Steve W. DeHaan, a long-time home furnishings industry executive, has been named president and CEO of the International Warehouse Logistics Association (IWLA), the third-party logistics trade group said today.
DeHaan succeeds Joel D. Anderson, who has retired after leading IWLA for more than seven years. DeHaan officially took over on Nov. 4.
DeHaan has been CEO of the National Home Furnishings Association, a trade group based in High Point, N.C. He was with the group for 14 years. Prior to that, he spent 10 years as executive vice president and lobbyist at the Michigan Association of Home Builders.
In a statement, Paul Verst, IWLA's chairman and chair of its search committee, said DeHaan has strong trade association experience and a successful track record running other organizations. There was no mention in the statement of whether DeHaan has any logistics experience. DeHaan was traveling out of the country and unavailable for comment, a spokeswoman said.
The choice of DeHaan ends a six-month search that began soon after Anderson, 65, said in March that he would retire within 12 months. The search culminated at last month's Council of Supply Chain Management Professionals' Annual Global Meeting in Denver where the three finalists were interviewed.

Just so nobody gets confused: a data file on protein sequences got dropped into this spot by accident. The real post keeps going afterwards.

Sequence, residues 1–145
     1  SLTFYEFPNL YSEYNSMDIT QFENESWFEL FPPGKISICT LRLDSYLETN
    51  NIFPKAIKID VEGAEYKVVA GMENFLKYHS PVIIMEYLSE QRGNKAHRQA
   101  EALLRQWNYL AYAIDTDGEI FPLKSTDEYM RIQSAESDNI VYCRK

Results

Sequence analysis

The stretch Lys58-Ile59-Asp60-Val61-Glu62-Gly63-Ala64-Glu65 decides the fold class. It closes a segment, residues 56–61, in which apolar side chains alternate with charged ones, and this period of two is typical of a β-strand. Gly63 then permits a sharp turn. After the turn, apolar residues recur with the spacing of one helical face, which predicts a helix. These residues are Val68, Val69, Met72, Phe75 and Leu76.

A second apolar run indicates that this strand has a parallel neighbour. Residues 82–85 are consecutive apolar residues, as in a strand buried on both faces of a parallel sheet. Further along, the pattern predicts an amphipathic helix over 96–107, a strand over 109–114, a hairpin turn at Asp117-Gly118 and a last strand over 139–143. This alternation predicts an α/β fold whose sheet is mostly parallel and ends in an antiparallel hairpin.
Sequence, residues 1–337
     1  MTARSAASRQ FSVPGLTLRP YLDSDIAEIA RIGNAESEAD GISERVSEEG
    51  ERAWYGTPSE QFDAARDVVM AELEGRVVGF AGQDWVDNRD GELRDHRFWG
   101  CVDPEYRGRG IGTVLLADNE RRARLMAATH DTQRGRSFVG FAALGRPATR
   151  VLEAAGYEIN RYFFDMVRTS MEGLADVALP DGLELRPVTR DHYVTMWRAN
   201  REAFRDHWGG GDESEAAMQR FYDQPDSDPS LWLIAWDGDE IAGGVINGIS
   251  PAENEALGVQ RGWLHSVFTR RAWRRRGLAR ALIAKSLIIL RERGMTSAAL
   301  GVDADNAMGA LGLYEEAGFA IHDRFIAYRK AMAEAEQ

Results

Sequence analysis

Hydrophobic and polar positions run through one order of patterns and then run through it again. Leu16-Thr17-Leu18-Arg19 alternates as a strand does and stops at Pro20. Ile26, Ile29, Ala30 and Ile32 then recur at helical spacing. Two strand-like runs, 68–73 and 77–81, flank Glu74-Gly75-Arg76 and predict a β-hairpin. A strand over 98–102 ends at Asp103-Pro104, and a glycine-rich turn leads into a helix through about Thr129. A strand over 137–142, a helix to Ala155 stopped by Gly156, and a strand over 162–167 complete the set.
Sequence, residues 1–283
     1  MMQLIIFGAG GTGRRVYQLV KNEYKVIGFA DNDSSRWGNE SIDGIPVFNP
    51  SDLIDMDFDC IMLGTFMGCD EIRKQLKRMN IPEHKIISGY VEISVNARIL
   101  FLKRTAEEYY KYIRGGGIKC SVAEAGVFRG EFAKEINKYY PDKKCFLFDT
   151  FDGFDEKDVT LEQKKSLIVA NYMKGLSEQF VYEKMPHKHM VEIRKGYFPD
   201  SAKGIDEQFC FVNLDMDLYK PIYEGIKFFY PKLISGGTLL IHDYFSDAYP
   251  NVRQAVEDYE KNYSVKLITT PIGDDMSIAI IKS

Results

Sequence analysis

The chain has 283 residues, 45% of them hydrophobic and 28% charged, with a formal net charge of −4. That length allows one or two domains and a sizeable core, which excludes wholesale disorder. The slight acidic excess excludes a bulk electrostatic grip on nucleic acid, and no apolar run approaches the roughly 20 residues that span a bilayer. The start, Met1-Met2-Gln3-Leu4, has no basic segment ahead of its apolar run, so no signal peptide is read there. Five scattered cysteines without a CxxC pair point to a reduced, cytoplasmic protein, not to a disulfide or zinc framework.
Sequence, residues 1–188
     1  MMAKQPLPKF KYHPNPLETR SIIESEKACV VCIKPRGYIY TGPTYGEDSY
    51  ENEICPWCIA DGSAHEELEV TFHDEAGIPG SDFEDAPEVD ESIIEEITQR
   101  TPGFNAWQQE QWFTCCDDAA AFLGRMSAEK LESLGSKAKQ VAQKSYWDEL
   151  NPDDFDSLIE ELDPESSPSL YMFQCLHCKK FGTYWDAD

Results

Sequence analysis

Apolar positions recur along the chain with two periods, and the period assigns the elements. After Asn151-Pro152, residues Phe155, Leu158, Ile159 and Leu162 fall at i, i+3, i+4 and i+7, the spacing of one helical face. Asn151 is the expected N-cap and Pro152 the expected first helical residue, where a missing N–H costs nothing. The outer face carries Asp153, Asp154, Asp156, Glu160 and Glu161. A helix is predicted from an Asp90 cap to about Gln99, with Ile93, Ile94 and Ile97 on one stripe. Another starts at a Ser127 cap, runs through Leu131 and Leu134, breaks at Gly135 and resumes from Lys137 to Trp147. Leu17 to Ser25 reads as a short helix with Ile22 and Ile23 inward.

Anderson joined IWLA in April 2006 after 28 years at the California Trucking Association (CTA), the last 13 of those years was spent as executive vice president and CEO. In an e-mail, Anderson said he will remain with IWLA until Dec. 31 to assist with the transition.
THE ROAD AHEAD FOR ANDERSON
Anderson said his post-IWLA goals include aiding with job creation in urban communities plagued by high unemployment. He said the development of urban logistics clusters could boost employment. However, many city planners and government officials discourage such projects because they aren't environmentally friendly, he said.
Anderson said urban logistics centers would provide work to those who would otherwise lack the mobility to travel to a workplace. The most difficult task is convincing the urban planners that freight creates the jobs needed to bring employment back to the inner city, he said.
IWLA, based in Des Plaines, Ill., has more than 500 members, mostly third-party logistics providers (3PLs).